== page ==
Ever wondered whether the brain of a murderer differs from a ‘normal’ brain? Is there a gene for criminality? How does the environment interact with biology to shape criminal behaviour?
In an attempt to answer such questions, Dr Sutton will briefly consider historical accounts of how criminal brains differ from non-criminal brains, before turning his attention to 21st century theories of frontal lobe dysfunction, genetic and epigenetic explanations, and the complex association between mental illness and criminal behaviour.
About Dr Sutton
Primary research interests: the genetics of neural development and brain function, together with the interactive nature of biological, genetic and behavioural factors in disease processes.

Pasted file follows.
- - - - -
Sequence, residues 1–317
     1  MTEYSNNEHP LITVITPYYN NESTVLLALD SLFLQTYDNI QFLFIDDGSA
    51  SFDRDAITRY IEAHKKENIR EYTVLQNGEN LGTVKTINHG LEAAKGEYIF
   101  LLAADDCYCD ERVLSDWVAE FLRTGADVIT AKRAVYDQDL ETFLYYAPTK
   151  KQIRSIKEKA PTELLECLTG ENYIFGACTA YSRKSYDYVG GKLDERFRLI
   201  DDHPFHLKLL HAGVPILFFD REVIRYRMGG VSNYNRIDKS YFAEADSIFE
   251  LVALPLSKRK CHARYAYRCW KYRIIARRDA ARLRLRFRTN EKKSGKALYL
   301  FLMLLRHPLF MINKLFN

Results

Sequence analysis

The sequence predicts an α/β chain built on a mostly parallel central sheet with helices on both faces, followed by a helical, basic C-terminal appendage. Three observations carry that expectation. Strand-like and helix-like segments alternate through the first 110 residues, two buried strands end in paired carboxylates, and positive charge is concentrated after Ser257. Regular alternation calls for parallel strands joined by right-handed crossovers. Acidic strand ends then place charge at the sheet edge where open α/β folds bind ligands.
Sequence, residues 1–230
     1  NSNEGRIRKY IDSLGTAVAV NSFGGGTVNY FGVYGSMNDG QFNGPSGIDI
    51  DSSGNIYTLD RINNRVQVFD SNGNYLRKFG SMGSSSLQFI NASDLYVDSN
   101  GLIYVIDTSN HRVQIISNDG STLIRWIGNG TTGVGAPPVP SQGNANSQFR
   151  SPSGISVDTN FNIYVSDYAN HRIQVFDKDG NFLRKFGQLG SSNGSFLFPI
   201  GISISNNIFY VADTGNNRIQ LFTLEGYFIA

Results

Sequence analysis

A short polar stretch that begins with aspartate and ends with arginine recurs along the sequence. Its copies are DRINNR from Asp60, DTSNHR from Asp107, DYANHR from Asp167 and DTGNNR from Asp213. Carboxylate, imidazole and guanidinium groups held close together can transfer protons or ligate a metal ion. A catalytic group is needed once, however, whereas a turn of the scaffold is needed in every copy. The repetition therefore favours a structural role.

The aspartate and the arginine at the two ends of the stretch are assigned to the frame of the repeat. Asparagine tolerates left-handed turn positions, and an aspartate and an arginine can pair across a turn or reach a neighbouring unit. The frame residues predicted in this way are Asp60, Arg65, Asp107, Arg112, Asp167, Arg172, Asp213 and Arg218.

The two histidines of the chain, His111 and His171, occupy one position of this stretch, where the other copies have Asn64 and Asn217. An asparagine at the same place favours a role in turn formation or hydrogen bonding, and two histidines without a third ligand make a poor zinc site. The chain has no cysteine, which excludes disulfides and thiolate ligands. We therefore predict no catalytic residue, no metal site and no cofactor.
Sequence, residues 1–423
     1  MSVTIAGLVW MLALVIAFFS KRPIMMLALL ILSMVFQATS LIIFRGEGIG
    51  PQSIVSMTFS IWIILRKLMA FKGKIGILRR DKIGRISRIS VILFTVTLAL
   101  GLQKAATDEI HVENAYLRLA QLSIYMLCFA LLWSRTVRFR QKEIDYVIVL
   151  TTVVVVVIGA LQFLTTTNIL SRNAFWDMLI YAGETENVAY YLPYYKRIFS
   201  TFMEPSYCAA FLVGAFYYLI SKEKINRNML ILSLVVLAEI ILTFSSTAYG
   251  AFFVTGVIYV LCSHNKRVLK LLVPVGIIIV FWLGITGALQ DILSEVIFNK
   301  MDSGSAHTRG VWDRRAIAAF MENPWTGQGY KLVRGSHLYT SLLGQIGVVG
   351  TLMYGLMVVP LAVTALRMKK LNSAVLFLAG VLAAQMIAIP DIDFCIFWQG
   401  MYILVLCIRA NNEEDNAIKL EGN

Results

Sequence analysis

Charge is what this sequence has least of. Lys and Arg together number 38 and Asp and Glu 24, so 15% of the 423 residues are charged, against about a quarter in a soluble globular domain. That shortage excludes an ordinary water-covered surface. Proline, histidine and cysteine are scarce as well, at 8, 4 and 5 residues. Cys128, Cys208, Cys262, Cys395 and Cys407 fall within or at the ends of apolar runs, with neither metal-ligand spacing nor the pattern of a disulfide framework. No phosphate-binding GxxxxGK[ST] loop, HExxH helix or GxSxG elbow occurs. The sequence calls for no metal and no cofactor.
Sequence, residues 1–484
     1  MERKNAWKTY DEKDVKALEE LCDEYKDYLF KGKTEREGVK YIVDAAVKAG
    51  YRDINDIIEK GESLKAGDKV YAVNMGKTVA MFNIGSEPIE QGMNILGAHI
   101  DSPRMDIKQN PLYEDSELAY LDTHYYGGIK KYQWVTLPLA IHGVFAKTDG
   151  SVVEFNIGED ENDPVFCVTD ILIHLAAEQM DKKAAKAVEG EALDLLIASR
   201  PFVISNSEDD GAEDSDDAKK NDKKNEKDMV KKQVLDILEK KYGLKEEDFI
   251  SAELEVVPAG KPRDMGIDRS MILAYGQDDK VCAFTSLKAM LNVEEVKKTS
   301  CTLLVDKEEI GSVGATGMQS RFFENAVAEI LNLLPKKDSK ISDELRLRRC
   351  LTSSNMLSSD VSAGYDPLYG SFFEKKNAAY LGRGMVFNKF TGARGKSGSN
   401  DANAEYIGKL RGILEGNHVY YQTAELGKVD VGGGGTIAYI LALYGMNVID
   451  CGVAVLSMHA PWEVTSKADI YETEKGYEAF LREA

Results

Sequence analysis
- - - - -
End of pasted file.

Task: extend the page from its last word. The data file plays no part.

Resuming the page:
Academic and Professional Roles: currently Honorary (Consultant) Assistant Professor in the Division of Psychiatry at University of Nottingham. He has also held academic appointments at Manchester, Manchester Metropolitan and Cambridge Universities, lecturing in neuroscience and genetics to a range of undergraduate and postgraduate students, including medics, biologists and psychologists. He has conducted research projects and data analysis for various organisations, including the Department of Health and the Medical Research Council, continues to assess and examine undergraduate medical students and postgraduates and has lectured to barristers and judges and training police officers.
Date: Wednesday 5th December
Time: 4.15pm for a 4.30pm prompt start (finishes 5.30pm)
Venue: New Mark Hall, RMS for Girls
**Suitable for Year 10-13 students, staff, parents and adult members of the local community